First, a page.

Iraq
Russia vows to help Iraq battle terrorism after US withdrawal from Syria

Russia vows to help Iraq battle terrorism after US withdrawal from Syria


Russia pledged on Wednesday to support Iraq in fighting ISIS and to re-establish security ties between the two states, especially as the US plans to withdraw troops from Syria.

Baghdad declared victory against ISIS in December 2017. The group seized a third of the country in nearly three years ago, but since losing the majority of its caliphate, the group has maintained sleeper cells and resorted to guerrilla tactics.

“We are interested in actively helping you tackle this challenge. Let us discuss all these matters,” Russian Foreign Minister Sergey Lavrov told his Iraqi counterpart Mohammed Al Hakim on Wednesday.

The Russian official stressed the importance of re-establishing security in Iraq. He expressed hope that a planned US pullout from Syria will not be used to expand Washington’s influence elsewhere in the region.

"We expect that US military presence in Iraq will meet its stated goals, namely, to fight terrorism and help the government to stabilise the situation, and not to somehow solve the geopolitical tasks in the region that are unilaterally pursued by Washington,” Mr Lavrov said during a press conference in Moscow.

Russia is aiming to boost ties with Iraq to challenge American influence in the country. Moscow has so far invested millions of dollars in Iraq’s energy sector and has opened a command centre in Baghdad under an intelligence-sharing agreement with Iraq, Iran and Syria aimed at combatting ISIS.

Both ministers praised the work of Baghdad’s intelligence centre.

Mr Lavrov confirmed that Russia will enhance Iraq’s capabilities to counter terrorism and to enhance their military cooperation.

On his part, Iraqi Foreign Minister Mohammed Al Hakim confirmed that Russia’s military and security cooperation will guarantee an ISIS defeat in Syria and Iraq.

In Syria, Iraq’s military has conducted several airstrikes against ISIS since last year, with the approval of President Bashar Al Assad and the US-led coalition fighting the insurgents.

Baghdad has maintained close relations with Syria throughout civil war that has killed 400,000 people in its first six years, United Nations envoy to Syria Staffan de Mistura estimated in 2016. The death toll could be much higher as the civil war remains ongoing almost three years on.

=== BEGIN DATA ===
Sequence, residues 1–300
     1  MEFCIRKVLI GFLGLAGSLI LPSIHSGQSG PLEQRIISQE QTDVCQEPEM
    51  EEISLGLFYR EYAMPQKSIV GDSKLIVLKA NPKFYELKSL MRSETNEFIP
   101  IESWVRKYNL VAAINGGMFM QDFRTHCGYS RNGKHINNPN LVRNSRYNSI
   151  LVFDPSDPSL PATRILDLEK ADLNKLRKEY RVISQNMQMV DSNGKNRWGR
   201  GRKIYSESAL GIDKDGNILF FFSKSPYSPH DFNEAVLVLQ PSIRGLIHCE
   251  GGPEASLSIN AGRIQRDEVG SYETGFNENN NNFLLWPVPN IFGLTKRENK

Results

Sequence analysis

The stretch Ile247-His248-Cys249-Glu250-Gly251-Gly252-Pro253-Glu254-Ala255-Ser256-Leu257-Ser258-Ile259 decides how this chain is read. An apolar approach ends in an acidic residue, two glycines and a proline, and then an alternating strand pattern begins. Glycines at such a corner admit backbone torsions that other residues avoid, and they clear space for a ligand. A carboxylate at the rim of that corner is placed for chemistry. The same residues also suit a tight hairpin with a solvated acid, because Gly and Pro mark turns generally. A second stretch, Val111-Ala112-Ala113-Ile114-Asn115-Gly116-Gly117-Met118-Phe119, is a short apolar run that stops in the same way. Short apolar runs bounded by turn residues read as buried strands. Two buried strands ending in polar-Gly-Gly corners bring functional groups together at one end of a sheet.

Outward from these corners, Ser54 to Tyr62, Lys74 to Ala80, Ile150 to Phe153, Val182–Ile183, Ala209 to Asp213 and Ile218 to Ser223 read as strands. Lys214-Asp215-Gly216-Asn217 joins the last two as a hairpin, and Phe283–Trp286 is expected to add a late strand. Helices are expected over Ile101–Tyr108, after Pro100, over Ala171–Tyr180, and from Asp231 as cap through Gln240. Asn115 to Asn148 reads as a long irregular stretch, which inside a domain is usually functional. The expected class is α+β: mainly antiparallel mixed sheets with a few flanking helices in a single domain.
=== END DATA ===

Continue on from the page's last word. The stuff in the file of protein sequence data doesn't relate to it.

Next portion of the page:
Iraq’s former Foreign Minister Ibrahim Al Jaafari visited Damascus last October and met with his Syrian counterpart Walid Al Moualem and President Bashar Al Assad.

Mr Al Hakim said in early January that Iraq will support efforts in restoring Syria’s membership in the Arab League eight years after it was expelled from the organisation.

The Iraqi official also stressed that the withdrawal of all forces from Syria, claiming that it will help revive the country's political process.

Mr Al Hakim said that there are ongoing discussions to find ways of ending Syria’s war and defeating terrorism in the country.

Meanwhile, King Felipe VI of Spain arrived in Iraq for a surprise visit on Tuesday in what marked the first trip for a Spanish monarch in 40 years to the war-torn country.

The king, whose country is a part of an international coalition fighting ISIS in Iraq, held talks with the commander of the coalition and showed his gratitude for their efforts.

“Thank you for what you do and for how you do it, you’re a source of pride for all Spaniards,” King Felipe told Spanish troops.

Hundreds of Spanish military experts currently reside in Iraq.

King Felipe also met with Iraqi President Barham Salih at the presidential palace.

He was accompanied by the Spanish Minister of Defence Margarita Robles Fernandez and Ambassador Stemman.

King Felipe's visit comes after a series of world leaders landed in Baghdad since the start of the new year, including US President Donald Trump. His unannounced trip drew criticism for his failure to meet Iraqi leaders.